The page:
As I mentioned above, bibliotherapy is a big concept. It makes sense, therefore, that there would be a huge number of alternative approaches. The most oft-cited source for bibliotherapy is through Alain de Botton’s The School of Life. The bibliotherapy service offered by the School is tailored to meet an individual’s specific requirements through a literary ‘prescription’ for their personal challenges. Two of the bibliotherapists working for the School, Ella Berthoud and Susan Elderkin, have since published books on the topic, including The Novel Cure: An A-Z of Literary Remedies. I’m a big fan of both of these options. They are, for a couple of reasons however, not my preferred approaches. The first reason being that they both cost money to access and the second being that The Novel Cure is relatively one-size-fits-all. Although any book or article will necessarily fall into the hole of generalisation, The Novel Cure is not really equipped to acknowledge the complexity of life’s biggest challenges.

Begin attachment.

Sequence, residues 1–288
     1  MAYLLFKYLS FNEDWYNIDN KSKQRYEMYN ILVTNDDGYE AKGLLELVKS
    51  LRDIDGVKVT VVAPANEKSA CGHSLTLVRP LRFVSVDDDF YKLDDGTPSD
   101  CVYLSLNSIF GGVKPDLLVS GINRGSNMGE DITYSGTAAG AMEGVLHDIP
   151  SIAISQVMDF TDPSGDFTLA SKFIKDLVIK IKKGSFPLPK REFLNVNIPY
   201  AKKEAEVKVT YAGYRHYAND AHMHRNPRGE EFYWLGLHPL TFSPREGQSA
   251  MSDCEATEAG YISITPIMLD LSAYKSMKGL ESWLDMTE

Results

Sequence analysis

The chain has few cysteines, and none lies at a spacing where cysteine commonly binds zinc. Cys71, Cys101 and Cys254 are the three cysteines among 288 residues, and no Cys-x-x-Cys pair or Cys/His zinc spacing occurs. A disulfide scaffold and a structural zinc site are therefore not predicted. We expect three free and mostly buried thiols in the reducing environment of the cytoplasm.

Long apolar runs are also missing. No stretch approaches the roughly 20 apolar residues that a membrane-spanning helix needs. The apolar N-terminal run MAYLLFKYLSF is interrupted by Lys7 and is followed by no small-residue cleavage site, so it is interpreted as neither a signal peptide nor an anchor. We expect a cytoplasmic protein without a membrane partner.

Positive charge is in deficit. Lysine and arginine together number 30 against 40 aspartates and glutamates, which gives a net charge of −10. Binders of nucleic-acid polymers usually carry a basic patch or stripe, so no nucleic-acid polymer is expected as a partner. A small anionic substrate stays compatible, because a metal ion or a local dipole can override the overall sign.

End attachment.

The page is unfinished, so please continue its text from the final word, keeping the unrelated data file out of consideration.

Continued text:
Given the three components of bibliotherapy outlined earlier in the post, it makes sense that any workable approach to bibliotherapy needs to offer access to some combination of these factors. With a challenge as complex as anxiety, for example, a limited list of novels will not work for everyone. As someone who has lived with anxiety for a long time, the way that I turn to books varies dramatically with what I am looking for in a given moment. At some times, I’m yearning for a book that will offer me a physiological de-stress in the face of overwhelming panic (catharsis). At others, I desperately want to read a novel that shows someone experiencing the types of challenges that I’m going through (identification/insight). As with the three elements of bibliotherapy, it’s important that any approach acknowledge the variations in what we require from day-to-day.